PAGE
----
The statements of the pro-Iranian Shiite forces that refuse to target foreign diplomatic missions seem to be consistent with the Iranian position expressed by the Iranian Foreign Ministry spokesman Saeed Khatibzadeh who, on 17 September 2020, condemned "any attacks on diplomatic delegations and missions". Afterwards, the Iranian Embassy in Baghdad issued a statement expressing the same position. Iran's position could be understood in terms of its tendency to de-escalate the confrontation with the US and deprive Trump of an excuse to rally domestic public opinion against it and use the conflict with it to improve his chances in the upcoming elections.

It seems that the fragmentation that affected the camp of the [pro-Iran] "loyalist" factions after the assassination of al-Muhandis and the absence of a central leadership continue to play a role in strengthening the most extremist elements and in the multiplicity of the power centres within them. This was reflected in the attitude towards the US presence in Iraq among the more extreme Shiite factions that wish to continue to target US interests in Iraq to push the Americans to leave Iraq completely, and the other Shiite factions that fear the consequences of those actions, as they may involve targeting their forces with strikes by the US-led coalition aircraft or exposing their leaders to US sanctions, in addition to the political and economic consequences for Iraq in light of the financial crisis it suffers from as a result of the coronavirus pandemic.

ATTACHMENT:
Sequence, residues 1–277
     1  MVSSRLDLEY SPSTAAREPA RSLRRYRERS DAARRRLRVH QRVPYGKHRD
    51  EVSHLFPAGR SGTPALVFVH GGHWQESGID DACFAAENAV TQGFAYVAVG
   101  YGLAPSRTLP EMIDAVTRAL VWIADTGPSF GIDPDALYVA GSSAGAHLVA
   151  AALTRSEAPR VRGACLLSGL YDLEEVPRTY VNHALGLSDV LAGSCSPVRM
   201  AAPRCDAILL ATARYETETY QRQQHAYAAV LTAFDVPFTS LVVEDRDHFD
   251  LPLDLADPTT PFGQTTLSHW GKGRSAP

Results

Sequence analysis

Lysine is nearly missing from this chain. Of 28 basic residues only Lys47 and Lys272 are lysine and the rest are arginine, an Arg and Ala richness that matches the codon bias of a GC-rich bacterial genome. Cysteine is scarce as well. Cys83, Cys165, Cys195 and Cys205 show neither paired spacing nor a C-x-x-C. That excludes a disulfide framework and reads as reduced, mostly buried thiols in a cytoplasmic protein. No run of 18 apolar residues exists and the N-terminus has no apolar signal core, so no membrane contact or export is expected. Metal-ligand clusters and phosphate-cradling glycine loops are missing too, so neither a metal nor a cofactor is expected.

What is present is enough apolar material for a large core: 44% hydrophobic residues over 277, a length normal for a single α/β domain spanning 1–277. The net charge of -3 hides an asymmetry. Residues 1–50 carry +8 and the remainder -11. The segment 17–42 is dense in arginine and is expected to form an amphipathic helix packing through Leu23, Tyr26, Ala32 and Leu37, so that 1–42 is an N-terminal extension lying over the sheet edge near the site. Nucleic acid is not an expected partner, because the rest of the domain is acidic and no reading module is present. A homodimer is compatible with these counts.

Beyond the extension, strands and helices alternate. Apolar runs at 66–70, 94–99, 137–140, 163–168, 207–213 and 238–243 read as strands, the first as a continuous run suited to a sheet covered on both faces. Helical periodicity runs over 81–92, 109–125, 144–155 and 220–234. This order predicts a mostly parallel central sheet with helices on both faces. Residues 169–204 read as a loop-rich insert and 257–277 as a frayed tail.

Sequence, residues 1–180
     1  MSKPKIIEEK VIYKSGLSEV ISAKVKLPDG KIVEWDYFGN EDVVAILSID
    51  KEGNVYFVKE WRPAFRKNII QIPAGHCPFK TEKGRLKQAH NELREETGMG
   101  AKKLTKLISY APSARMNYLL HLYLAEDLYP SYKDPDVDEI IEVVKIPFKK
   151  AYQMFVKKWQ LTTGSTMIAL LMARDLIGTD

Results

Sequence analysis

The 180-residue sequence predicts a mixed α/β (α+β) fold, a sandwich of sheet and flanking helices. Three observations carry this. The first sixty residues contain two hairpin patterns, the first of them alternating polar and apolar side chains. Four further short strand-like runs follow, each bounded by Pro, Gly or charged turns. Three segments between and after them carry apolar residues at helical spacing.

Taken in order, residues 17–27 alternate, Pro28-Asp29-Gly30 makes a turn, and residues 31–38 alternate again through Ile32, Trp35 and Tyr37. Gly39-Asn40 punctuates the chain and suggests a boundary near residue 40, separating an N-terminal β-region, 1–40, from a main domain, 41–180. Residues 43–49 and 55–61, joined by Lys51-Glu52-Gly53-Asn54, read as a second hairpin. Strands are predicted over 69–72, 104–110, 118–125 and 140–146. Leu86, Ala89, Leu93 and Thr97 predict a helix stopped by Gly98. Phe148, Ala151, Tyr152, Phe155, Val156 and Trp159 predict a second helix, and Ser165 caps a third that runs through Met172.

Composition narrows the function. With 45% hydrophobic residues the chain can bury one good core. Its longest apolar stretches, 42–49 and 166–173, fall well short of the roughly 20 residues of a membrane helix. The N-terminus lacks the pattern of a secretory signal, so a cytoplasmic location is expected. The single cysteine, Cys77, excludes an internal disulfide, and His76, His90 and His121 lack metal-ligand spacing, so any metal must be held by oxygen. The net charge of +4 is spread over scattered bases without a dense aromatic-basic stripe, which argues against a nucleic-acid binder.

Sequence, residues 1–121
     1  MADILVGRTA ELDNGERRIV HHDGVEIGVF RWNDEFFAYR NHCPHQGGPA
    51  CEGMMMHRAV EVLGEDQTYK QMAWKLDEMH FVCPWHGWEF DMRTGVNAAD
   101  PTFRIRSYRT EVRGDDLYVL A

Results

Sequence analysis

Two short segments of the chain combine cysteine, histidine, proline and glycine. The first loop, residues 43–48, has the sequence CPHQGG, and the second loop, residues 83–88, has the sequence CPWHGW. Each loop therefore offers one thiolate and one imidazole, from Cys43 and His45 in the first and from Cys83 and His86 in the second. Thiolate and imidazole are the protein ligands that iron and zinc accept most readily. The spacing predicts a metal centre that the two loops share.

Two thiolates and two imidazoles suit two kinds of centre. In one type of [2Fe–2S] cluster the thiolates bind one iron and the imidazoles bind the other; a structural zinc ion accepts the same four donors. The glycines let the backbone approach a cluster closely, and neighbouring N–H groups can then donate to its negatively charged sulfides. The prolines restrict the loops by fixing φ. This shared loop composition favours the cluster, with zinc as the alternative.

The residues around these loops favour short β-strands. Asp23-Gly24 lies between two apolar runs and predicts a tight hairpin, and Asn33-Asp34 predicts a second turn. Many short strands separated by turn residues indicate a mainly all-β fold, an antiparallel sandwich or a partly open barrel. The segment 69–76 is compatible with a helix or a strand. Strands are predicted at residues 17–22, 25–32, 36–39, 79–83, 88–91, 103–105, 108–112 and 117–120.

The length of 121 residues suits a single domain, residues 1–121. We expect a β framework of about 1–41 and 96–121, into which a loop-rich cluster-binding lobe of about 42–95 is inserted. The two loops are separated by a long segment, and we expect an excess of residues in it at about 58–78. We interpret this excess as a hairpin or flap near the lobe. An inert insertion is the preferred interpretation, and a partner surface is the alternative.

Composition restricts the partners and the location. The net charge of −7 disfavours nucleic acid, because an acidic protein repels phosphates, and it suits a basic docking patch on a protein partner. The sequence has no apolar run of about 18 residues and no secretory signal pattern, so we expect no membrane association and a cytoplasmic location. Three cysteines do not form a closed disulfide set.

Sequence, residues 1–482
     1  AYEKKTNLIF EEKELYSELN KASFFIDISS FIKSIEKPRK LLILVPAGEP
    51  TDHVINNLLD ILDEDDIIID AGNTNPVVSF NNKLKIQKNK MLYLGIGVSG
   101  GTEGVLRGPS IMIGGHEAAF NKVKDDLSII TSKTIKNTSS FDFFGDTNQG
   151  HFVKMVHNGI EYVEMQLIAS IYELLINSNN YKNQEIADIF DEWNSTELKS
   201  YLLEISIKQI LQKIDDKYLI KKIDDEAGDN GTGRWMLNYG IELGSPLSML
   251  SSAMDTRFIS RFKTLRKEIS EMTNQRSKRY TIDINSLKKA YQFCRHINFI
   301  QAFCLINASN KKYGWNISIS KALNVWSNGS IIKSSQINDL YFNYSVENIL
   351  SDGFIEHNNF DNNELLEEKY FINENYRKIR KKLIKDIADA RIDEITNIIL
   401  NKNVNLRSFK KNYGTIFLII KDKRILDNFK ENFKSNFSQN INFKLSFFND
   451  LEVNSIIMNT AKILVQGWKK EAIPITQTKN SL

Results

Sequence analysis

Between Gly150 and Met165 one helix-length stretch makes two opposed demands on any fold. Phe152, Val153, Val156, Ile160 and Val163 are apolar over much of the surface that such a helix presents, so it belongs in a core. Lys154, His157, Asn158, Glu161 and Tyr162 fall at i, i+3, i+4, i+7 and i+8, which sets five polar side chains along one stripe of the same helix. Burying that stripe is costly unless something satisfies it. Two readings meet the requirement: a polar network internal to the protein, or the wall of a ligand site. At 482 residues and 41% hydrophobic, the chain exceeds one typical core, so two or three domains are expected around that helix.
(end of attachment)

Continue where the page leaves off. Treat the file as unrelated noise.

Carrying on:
The US threat to close the US Embassy in Baghdad indicates that the US administration feels that the Kadhimi government has not done enough to put an end to the attacks by the factions on the Green Zone and Baghdad International Airport, and that the US administration also does not accept that the Iraqi government take a middle position in the conflict between Tehran and Washington, and wants more serious steps whereby the Kadhimi government would prove that it is working seriously to reduce Iranian influence in Iraq.

The US probably does not want to leave any basic cards in the hands of the Iranians before the date of the next elections. At the same time, the Trump administration does not seem to have abandoned its narrow view of Iraq in terms of the conflict with Iran. Neither does it want to be patient for a long time to see greater clarity in the Iraqi position. Many observers warn that Kadhimi cannot introduce a fundamental adjustment in the internal balance of power and limit the influence of the pro-Tehran factions. Rather, he needs more time and a long-term strategy to strengthen official security institutions.